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setup as art form

Discussion in 'Hardware, Setup & Repair [BG]' started by nonsqtr, Apr 23, 2004.


  1. nonsqtr

    nonsqtr The emperor has no clothes!

    Aug 29, 2003
    Burbank CA USA
    Do you understand your setup in more than just technical terms? For those of you who are fussy about your setups, do you view them as being an essential part of the bonding process between the performer and the instrument? Do you eventually achieve one perfect "feel" through your setup, or do you find that it always ends up being a series of compromises?
     
  2. gruuv247

    gruuv247 Guest

    Sep 18, 2002
    Burlington, NC
    :cool: There is such a thing as a perfect feel (for you of course) After recieving my Bass after construction, it took me over a year to acheive the perfect feel.. Some of my mistakes were not having correct neck relief,, (there is no way to achieve a "consistant feel" throughout the neck without the right relief.). the best way I found to set relief is the ole buzzing rule. Buzzing on frets close to body= to much relief,,, buzzing near headstock= not enough relief. Fine tune till there is no buzz,, if there is a buzz throughout the neck, action is to low,
     
  3. I see setup as more of as a science than an art form.

    Your playing is the art form part.
     
  4. gruuv247

    gruuv247 Guest

    Sep 18, 2002
    Burlington, NC
    Just take your time and RELAX,, it is EXTREMELY easy to frustrated setting up a bass (especially with limited experiance),, make small adjustments,, don't be afraid of it and don't rush it :bassist:
     
  5. nonsqtr

    nonsqtr The emperor has no clothes!

    Aug 29, 2003
    Burbank CA USA
    Gruuv247, you and I seem to have had some similar experiences with setup. I just got a new bass, it's a beautiful instrument and I'm totally in love with it, but I'm having a heck of a time dialing in the right setup. I'm using the approach you mentioned, which is taking one's time, making small adjustments, and trying to dial "up" into the adjustment instead of dialing down. So far it's taken me almost two months, and now it's "pretty close".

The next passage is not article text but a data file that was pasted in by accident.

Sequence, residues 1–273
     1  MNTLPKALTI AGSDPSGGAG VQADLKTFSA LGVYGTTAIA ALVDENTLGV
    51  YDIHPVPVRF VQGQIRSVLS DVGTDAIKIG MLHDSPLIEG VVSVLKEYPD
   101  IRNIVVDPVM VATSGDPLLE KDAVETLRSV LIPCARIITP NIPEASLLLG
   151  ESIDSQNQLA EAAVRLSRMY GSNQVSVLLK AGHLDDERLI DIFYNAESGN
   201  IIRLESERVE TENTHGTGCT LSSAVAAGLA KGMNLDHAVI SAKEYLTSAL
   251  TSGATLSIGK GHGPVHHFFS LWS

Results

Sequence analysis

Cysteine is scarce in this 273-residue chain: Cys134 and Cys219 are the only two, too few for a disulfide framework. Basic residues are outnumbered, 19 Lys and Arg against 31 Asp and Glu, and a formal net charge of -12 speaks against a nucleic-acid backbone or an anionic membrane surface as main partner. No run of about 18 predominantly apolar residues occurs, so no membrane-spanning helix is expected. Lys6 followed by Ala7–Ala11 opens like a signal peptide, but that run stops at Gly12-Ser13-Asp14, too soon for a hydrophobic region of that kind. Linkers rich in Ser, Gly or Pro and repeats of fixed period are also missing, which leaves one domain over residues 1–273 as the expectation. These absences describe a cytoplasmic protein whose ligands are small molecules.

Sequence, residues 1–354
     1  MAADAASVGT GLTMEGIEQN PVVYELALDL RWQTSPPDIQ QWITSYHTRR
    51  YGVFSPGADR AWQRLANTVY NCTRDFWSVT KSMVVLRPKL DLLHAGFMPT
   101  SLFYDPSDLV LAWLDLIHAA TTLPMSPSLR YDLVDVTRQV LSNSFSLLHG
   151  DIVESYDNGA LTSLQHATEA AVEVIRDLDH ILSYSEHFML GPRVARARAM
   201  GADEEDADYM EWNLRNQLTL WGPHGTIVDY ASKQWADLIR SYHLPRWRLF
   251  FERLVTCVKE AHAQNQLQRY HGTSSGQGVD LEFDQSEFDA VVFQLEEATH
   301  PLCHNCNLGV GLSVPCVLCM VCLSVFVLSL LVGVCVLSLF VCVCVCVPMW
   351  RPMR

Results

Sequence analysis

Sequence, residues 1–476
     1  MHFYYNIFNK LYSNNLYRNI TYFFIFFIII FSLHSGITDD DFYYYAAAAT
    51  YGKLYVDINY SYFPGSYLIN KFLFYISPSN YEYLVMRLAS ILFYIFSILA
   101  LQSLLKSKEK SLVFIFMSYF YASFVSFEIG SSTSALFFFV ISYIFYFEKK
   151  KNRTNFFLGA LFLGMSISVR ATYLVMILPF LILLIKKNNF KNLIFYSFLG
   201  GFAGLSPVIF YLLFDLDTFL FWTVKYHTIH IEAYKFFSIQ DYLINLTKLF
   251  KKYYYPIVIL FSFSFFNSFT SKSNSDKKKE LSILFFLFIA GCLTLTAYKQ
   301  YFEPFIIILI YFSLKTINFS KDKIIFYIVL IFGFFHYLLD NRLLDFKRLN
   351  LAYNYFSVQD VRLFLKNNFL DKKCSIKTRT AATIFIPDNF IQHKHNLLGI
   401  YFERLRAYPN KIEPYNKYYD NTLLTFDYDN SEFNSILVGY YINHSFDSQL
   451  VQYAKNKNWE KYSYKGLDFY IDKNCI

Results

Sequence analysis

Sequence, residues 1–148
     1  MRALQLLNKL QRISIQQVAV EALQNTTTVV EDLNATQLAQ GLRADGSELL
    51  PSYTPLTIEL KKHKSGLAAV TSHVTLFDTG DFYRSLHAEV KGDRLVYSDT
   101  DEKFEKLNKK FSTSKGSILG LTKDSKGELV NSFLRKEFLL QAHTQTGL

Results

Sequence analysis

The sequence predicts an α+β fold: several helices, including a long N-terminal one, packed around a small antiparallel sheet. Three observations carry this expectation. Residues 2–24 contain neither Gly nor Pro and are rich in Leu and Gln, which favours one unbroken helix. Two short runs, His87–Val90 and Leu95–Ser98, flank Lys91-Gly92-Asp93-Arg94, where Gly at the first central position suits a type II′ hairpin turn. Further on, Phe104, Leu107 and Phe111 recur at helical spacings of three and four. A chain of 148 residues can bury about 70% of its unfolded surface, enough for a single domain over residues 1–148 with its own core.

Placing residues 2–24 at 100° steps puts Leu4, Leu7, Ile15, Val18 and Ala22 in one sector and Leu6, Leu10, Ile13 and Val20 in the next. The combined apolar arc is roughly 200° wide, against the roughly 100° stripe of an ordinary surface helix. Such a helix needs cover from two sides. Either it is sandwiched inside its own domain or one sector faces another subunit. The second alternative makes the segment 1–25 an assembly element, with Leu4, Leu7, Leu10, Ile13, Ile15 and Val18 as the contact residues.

Some basses don't seem to care about setup very much, you just intonate and raise the saddles to a "reasonable" height and you're good to go. Other basses are a lot more finicky. This new one has one particular setting where it gets the monster sound, and that's the one I'm trying to dial in. It has several other settings where it sounds "adequate", but it's sounds so wonderful when it's "right on" that I've spent a lot of time trying to get it perfect (i.e. where the feel matches the sound, and my fingers can create exactly the sounds I want).
     
  6. Figjam

    Figjam

    Aug 5, 2003
    Boston, MA
    To me, having a bass setup to my likings is more important than having an extremely AMAZING bass. I would rather have a decent bass that feels great than a $2000 bass that plays like a wooden plank.
     
  7. gruuv247

    gruuv247 Guest

    Sep 18, 2002
    Burlington, NC
    :oops: Even with making small adjustments (kind of like an EQ) you can end up getting everything out of whack. If you feel what you have done is make it worse ,, return the bass to it's starting point by (as in any setup page) measure the lowest string (B or E) to 3/32 and then highest to 2/32. feel the top and bottom strings and make minor adjustments till they "feel" solid together (through slapping or playing both strings at the same time). You'll know when it feels right. then proportion the strings respectfully in the middle (A and D right around 5/64 ths) ("A" alittle above 5/64ths,, "D" alittle below) this will give you a fresh start for minor adjustments. And remember neck relief is ESSENTIAL. BE PATIENT!!!!!! :p
     
  8. Jeb

    Jeb

    Jul 22, 2001
    USA
    I do my own setups and have found that you can get so involved trying to acheive the "perfect" setup that you lose sight of the fact that its not so much the instrument that is the work of art, its what you do with it thats important. The instrument is a tool and the setup is the calibration. Thats how I look at it.

    I mean there is a line between what is a comfortable, playable instrument and what is obsession with perfect setup.

    I remember spending so much time with feeler gauges and rulers and such that it took away from why I bought the instrument to begin with. I bought it to play it. The more I play it, the more familiar I become with it and setup adjustments are now made without as much dependency on tools. I'm a better player now and I like my instruments better.
     
  9. permagrin

    permagrin

    May 1, 2003
    San Pedro, CA
    Also, how you set up your bass will affect how you approach it. If you set up a bass with very little relief and very low action, you'll do it so you can pluck lightly, play smooth and fast; give it a little more room to dig in more, play more aggressively.

    Hope my point isn't lost here....
     
  10. Figjam

    Figjam

    Aug 5, 2003
    Boston, MA
    hows the Hohner man?